Overall n (%) Right side n (%) Left side n (%) *p-value Male n (%) Female n (%) *p-value
II 20 (8.6%) 7 (6.0%) 13 (11.1%) 0.23 ns 11 (9.0
%)
9 (8.0 %) 0.78 ns
III 135 (57.7%) 65 (55.6%) 70 (59. 9%) 70
(57.4%)
65 (58.0
%)
IV 79 (33.8%) 45 (38.5%) 34 (29.1%) 41
(33.6%)
38
(33.9%)
Total 234 (100%) 117 (100%) 117 (100%)   122
(100%)
112
(100%)
 
Vertical position
Location according to
Fishel et al. [11] and Green [12]
Overall n (%) Right side n (%) Left side n (%) *p-value Male n (%) Female n (%) *p-value
1 13 (5.6%) 6 (5.1%) 7 (6.0%) 0.77ns 5 (4.1%) 8 (7.1%) 0.36 ns
2 69 (29.5%) 35 (29.9%) 34 (29.1%) 36
(29.5%)
33
(29.5%)
3 152
(65.0%)
76 (65.0%) 76 (65.0%) 81
(66.4%)
71
(63.4%)
Total 234(100) 117 (100) 117 (100)   122(100) 112 (100)  

Table 1. Horizontal and vertical position of mental foramen in relation to the apices of roots of mandibular teeth.

  Right side Left side n
Location according to
Tebo and Telford [10]
II III 3 (7,1%)
II IV 1 (2.8%)
III II 10 (23. 8%)
III IV 8 (19,1%)
IV III 20 (47.6%)
Total     42 (100%)

Table 2. Frequency of asymmetrical location of MF on the right and left sides of the mandible.

In the majority of patients the mental foramen was projected below the apices of roots (65%), (FIGURE 1 and TABLE 1) at a distance of 3.2 ± 1.3 mm between them. In 29.5% of cases, MF was detected at the level of the projection line drawn through the apex of the root. The first position of mental foramen in the vertical plane (FIGURE 2) was less frequent (5.6%). In such cases, the foramen was found at a distance of 2.2 ± 0.8 mm from the projection line (TABLE 3a).

imaging-in-medicine-computed-tomography

Figure 2. Positional variations of the mental canal (cone-beam computed tomography, 3D reconstruction). 1 – mandibular canal; 2 – mental canal; 3 – mental foramen A, B – category 1 (mental canal bends at the level of the mental foramen in the direction of the labial cortical plate); C – category 2 (mental canal bends at the right angle at the level of a line drawn through the center of the mental foramen and goes initially straight up and then laterally); D – category 3 (mental canal begins below and anterior to the opening of the mental foramen and forms the anterior loop)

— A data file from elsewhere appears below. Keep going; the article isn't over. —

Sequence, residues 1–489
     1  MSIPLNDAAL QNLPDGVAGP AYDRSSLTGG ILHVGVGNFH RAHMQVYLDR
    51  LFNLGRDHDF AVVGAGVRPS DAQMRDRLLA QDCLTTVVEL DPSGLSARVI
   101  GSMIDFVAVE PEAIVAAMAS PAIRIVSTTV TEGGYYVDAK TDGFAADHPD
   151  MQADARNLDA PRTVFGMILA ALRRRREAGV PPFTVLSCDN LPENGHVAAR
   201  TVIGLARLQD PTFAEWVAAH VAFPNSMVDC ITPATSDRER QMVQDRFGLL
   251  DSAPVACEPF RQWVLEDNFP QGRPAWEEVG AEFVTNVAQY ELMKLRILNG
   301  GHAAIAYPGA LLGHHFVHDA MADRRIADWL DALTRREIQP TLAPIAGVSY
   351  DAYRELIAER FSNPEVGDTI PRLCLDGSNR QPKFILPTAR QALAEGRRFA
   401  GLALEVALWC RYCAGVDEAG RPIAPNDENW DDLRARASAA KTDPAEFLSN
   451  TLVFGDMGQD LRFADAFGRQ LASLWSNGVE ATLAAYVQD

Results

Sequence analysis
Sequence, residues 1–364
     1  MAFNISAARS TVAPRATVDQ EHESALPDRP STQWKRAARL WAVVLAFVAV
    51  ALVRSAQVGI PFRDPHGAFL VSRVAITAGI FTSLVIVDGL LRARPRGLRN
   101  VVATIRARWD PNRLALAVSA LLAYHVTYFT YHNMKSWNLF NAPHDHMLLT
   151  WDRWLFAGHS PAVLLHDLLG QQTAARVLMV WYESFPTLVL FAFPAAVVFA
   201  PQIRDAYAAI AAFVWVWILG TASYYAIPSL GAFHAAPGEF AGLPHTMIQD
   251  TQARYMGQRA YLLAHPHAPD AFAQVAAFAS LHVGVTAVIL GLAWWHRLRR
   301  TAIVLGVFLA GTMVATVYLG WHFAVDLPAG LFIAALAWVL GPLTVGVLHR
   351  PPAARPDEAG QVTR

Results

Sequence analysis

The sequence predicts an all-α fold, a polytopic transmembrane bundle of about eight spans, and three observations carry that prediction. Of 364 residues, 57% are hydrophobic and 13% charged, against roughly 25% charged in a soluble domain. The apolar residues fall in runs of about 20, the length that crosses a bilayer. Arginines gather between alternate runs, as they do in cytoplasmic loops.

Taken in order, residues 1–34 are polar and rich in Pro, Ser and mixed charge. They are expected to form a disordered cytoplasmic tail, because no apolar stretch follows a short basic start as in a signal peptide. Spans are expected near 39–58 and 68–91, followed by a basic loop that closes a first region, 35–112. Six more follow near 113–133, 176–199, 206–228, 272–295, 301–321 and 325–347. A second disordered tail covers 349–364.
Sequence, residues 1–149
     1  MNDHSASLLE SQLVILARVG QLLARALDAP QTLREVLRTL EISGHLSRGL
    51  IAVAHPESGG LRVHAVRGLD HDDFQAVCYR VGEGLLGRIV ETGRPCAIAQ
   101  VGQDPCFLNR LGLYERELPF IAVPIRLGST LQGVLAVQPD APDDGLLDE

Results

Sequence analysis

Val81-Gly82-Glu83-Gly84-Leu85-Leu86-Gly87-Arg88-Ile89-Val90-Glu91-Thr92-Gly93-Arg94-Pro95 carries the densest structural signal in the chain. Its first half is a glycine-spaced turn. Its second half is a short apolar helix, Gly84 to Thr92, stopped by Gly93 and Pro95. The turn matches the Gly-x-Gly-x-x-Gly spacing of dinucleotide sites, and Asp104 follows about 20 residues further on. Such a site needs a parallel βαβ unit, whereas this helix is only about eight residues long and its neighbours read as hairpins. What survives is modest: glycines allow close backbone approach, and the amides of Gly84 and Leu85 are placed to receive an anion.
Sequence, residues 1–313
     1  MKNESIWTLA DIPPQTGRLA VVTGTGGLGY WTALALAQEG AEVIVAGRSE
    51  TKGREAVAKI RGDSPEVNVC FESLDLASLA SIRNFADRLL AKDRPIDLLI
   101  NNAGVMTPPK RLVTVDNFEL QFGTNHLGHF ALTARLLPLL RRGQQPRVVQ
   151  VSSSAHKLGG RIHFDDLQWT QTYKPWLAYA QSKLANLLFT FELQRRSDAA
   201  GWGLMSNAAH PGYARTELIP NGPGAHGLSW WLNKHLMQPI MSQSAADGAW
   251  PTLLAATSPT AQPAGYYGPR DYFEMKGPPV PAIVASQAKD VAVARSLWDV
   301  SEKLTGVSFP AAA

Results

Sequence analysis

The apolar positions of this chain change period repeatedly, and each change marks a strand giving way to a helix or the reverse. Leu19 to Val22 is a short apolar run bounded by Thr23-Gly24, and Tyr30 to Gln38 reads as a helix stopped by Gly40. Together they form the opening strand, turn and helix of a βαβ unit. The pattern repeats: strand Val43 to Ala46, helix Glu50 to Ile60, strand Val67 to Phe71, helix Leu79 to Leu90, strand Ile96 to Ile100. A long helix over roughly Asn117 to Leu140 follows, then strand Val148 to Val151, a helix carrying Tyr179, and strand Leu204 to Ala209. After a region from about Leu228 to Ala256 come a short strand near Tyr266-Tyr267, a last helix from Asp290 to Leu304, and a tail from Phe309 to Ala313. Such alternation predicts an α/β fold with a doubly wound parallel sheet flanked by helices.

Predictor Mean ± SD (n=234) Range
AC-MB 28.9± 2.9 21.4-38.8
AC-MF 13.0 ± 2.2 6.9-19.7
MF-MB 13.0 ± 1.5 9.0-17.3
MF-A†† 3.2± 1.3 0.9-6.9
MF-MF 50.5 ± 3.2 44.1 ± 57.6

Table 3a. The distance (mm) from the mental foramen to anatomical landmarks of the mandible.

There was no statistically significant difference in the location of MF in the horizontal and vertical plane in men and women, as well as on the right and left side of the mandible in the analyzed cohort (TABLE 1).

The distance from the alveolar crest and the lower edge of the mental foramen to the base of the mandible was significantly greater in men than women, as well as the distance from the superior edge of mental foramen to the alveolar crest (TABLE 3b). The distance between contralateral mental foramina fluctuated in the range from 44.1 to 57.6 mm. The distance was significantly greater in men than in women (p<0.05).

By side
Predictor Right side (n=117)
Mean ± SD
Range Left side (n=117)
Mean ± SD
Range p-value
AC-MB 29.0 ± 2.8 23.2-36.2 28.8 ± 3.03 21.4-38.8 0.53 ns
AC-MF 13.0 ± 2.3 6.9-19.7 12.9 ± 2.13 8.5-19.0 0.72 ns
MF-MB 13.0 ± 1.6 9.0-17.1 13.0 ± 1.4 9.7-17.3 0.85 ns
MF-A 3.2 ± 1.3† 1.2-6.9 3.1 ± 1.4‡ 1.1-6.1 0.87 ns
† n=76, ‡ n=101
By gender
Predictor Male (n=122)
Mean ± SD
Range Female (n=112)
Mean ± SD
Range p-value
AC-MB 30.1 ± 2.7 21.4-38.8 27.6 ± 2.5 22.7-36.2 0.00*
AC-MF 13.4 ± 2.2 6.9-19.0 12.5 ± 2.1 8.4-19.0 0.00*
MF-MB 13.5 ± 1.4 10.1-17.3 12.4 ± 1.4 9.0-16.5 0.00*
MF-A 3.3 ± 1.3§ 1.2-6.8 3.1 ± 1.3¦ 0.9-6.9 0.65 ns
MF-MF 51.6 ± 3.3 45.3 ± 57.6 49.3 ± 2.8 44.1-57.1 0.00*
§ n=81, ¦n=72

Table 3b. The distance (mm) from the mental foramen to anatomical landmarks of the mandible related to the side and gender.

The mental foramen usually had an oval shape elongated in the horizontal direction (84.2%) and less frequently demonstrated round shape and oval shape elongated in a vertical direction (15.4 and 0.4%, respectively, TABLE 4). Shape of the MF regarding to side and gender presented in TABLE 5. The horizontal and vertical size was significantly greater in men than in women (TABLE 6) (p<0.05).

Shape n %
Oval horizontal shape 197 84.2
Round shape 36 15.4
Oval vertical shape 1 0.4
Total 234 100

Table 4. Shape of the mental foramen.

  Shape

Right side Left side
n % n %
Oval horizontal 98 83.8 99 84.6
Round 18 15.4 18 15.4
Oval vertical 1 0.9 0 0
Total 117 100 17 100
Shape Male Female
n % n %
Oval horizontal 100 82.0 97 86.6
Round 21 17.2 15 13.4
Oval vertical 1 0.8 0 0
Total 112 100 112 100

Table 5. Shape of the mental foramen related to the side and gender.

Gender/side/total Mean ± SD Range P value
Male (n=122)
Horizontal diameter (mm) 2.14 ± 0.47 1.38-4.76 p=0,00*